ATLANTA — As more businesses and schools reopen, you may have seen people using infrared thermometers to check temperatures before allowing someone to enter.
But a viewer contacted us - worried the thermometers, meant to avoid direct contact, could actually be harmful.
The concern is whether the infrared thermometers can damage a specific part of your brain.
Is it safe to aim an infrared laser light at the pineal gland?
Yes, an infrared laser thermometer is safe to point at someones head, and won't impact your pineal gland.
What We Found
The viewer that contacted us was concerned that pointing the laser at the pineal gland, which produces hormones, would cause damage.
According to our medical expert Dr. Sujatha Reddy, a physician who has been practicing medicine for over two decades, the gland isn't even near the area being scanned.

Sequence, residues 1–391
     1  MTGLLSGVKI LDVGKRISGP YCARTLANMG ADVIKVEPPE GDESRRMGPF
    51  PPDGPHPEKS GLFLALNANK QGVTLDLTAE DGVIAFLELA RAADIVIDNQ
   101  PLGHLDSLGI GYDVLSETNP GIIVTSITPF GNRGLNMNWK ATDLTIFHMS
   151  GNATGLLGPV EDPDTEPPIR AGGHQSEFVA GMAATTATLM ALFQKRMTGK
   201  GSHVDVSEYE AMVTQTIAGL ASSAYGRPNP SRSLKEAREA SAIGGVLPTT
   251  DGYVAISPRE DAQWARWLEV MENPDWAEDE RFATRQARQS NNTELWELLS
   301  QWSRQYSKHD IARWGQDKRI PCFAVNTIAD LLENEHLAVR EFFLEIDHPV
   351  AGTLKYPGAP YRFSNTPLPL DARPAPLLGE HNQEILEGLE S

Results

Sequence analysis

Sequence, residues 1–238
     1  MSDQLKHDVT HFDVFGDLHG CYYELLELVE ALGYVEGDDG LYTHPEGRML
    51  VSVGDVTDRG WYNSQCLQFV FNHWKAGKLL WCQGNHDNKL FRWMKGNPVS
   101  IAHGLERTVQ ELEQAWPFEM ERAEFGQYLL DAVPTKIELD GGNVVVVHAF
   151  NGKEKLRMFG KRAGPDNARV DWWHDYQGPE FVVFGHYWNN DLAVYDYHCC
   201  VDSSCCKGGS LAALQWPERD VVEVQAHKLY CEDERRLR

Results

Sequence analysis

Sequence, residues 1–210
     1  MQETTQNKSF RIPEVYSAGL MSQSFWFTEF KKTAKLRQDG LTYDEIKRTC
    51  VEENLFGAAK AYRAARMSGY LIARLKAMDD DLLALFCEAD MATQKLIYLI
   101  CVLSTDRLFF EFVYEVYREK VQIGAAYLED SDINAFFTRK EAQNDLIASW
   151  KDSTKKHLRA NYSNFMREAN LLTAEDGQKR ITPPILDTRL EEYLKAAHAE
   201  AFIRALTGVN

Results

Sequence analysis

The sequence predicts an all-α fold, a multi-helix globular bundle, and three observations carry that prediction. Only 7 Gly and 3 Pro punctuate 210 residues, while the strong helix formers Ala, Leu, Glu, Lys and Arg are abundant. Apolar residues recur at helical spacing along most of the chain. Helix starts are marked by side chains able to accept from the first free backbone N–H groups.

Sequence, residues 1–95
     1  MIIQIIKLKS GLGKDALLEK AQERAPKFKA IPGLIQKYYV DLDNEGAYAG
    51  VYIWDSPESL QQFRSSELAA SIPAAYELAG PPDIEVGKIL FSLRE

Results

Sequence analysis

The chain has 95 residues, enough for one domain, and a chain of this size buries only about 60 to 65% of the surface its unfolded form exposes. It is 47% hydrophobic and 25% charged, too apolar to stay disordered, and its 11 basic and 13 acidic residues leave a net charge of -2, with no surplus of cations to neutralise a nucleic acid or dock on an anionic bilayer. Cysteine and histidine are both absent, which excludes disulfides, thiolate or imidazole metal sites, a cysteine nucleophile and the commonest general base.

"The pineal gland is actually in the middle of your brain, really closer to the back of your head, it's not anywhere near your forehead," Dr. Reddy explained.
She said taking someones temperature with the laser device is the best way to do it.
"It actually is one of the safest ways there is for us to get through this pandemic because there is no contact," Dr. Sujatha Reddy said.
How the thermometer works is by scanning the amount of heat being generated.
"The molecules that make up objects are vibrating constantly; the hotter the molecule is, the faster it vibrates, producing invisible light in the form of infrared energy," according to sciencing.com.
That energy is then converted in the device to show the temperature of the object you are pointing it at.
"The thermometer really isn't putting anything into that person," Dr. Reddy said.
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